Democrats 'nearly unanimous' in opposition to Obama tax deal

House Democrats were "nearly unanimous" in their opposition to President Obama's tax plan during a closed-door vote Thursday morning.

Rep. Peter DeFazio (D-Ore.), the author of a resolution disapproving of the tax-cut package negotiated between Obama and Republicans, said he wouldn't expect House Speaker Nancy Pelosi (D-Calif.) to bring the legislation to the floor in the aftermath of Democrats' rejection of the deal.

"It was nearly unanimous," DeFazio said on ABC's "Top Line" webcast of the Democratic Caucus vote against the tax deal. "I would say a number of Democrats have different reasons for opposing the package, but, virtually unanimous."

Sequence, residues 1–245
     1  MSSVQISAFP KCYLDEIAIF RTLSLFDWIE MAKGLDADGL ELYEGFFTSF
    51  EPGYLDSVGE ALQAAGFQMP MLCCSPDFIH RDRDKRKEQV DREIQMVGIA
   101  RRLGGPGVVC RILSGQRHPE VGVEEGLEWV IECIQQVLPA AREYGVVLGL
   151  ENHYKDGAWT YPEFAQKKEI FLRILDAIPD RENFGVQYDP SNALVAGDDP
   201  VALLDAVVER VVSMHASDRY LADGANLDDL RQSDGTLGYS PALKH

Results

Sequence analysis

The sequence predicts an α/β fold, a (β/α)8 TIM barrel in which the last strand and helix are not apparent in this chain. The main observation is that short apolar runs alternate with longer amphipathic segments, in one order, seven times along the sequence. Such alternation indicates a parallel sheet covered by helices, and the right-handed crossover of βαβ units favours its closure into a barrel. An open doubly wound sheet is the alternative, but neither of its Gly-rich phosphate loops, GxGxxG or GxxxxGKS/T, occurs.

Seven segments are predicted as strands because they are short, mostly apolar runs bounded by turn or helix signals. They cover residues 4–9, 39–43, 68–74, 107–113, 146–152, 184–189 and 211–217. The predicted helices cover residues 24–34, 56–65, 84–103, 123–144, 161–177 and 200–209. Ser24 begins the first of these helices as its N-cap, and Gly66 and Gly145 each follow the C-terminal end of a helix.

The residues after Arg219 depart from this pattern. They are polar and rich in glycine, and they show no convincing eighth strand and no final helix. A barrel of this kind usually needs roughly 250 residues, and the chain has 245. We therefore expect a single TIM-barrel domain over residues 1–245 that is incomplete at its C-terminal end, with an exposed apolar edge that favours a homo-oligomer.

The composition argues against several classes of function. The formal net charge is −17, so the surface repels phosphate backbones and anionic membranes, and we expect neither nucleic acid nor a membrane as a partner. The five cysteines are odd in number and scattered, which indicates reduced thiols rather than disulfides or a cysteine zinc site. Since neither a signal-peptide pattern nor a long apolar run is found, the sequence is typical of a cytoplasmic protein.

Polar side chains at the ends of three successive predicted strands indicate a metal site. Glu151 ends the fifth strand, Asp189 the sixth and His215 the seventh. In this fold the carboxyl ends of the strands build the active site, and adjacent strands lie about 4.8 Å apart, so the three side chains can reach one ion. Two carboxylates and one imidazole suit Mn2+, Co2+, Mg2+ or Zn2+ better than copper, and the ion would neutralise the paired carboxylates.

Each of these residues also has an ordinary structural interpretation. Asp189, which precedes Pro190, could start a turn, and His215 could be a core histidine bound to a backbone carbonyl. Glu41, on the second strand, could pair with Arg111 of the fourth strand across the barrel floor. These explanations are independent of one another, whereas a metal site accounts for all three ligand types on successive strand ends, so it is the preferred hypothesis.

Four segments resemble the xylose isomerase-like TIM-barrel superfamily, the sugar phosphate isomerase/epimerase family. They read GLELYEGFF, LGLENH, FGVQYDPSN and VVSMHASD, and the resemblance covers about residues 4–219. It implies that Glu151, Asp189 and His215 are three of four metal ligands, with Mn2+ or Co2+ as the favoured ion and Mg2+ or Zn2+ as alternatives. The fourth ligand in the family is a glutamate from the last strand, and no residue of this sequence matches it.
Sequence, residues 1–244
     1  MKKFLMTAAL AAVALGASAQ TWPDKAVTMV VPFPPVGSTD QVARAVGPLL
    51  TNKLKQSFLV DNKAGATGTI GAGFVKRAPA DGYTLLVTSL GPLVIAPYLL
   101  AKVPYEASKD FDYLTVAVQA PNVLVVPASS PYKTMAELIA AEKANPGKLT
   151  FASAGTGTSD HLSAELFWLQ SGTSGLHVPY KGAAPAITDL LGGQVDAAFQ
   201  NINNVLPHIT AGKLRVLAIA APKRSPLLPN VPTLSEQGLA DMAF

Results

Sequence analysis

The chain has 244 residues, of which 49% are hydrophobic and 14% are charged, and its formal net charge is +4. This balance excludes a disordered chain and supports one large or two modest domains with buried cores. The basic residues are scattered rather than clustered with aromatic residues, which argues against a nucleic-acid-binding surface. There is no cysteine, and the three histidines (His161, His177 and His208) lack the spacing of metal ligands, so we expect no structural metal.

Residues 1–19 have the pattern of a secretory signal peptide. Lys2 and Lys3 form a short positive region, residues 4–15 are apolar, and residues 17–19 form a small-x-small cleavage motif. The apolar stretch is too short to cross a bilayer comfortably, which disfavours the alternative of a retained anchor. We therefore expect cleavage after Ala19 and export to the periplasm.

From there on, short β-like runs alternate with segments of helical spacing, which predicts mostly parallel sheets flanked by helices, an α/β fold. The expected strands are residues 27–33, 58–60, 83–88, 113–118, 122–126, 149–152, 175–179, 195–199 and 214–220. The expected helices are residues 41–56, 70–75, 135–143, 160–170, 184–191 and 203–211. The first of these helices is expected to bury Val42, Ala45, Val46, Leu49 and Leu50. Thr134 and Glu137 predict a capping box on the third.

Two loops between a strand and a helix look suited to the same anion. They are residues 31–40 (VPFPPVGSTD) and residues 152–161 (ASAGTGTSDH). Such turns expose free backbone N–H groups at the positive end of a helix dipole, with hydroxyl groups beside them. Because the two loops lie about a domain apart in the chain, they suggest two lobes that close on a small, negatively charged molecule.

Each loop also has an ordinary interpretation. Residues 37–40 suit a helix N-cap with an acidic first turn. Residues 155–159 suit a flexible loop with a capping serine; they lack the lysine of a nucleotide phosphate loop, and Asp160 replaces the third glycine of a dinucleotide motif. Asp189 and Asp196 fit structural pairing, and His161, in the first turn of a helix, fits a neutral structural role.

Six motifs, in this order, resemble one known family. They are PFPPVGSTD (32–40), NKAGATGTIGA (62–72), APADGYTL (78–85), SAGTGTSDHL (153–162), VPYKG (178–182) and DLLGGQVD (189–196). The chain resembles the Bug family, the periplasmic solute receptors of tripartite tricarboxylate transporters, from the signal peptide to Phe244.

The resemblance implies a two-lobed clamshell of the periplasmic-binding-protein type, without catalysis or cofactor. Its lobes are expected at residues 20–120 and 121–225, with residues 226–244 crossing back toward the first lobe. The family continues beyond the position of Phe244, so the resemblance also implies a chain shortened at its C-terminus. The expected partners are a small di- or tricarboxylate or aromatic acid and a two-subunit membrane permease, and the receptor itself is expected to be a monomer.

The vote is a rebuke to the administration, which had sought to claim momentum for the deal, which extends all tax cuts for two years in exchange for extending some middle-class tax rebates and unemployment benefits.

Vice President Joe Biden went to Capitol Hill on Wednesday evening to address House Democrats, where he told lawmakers that they'd have to "take it or leave it" on the tax deal.

"We just said 'leave it,'" DeFazio responded early Thursday afternoon.

While the Democrats' vote is nonbinding, the Oregon Democrat said he suspected Pelosi shares other House members' concerns and would be loath to bring the legislation to the House floor for a vote.

"I believe the speaker is actually strengthened by this, and I don't think she's unhappy that we did this," DeFazio said. "We're in the majority, and the majority of the current congress just said this package is not acceptable to us."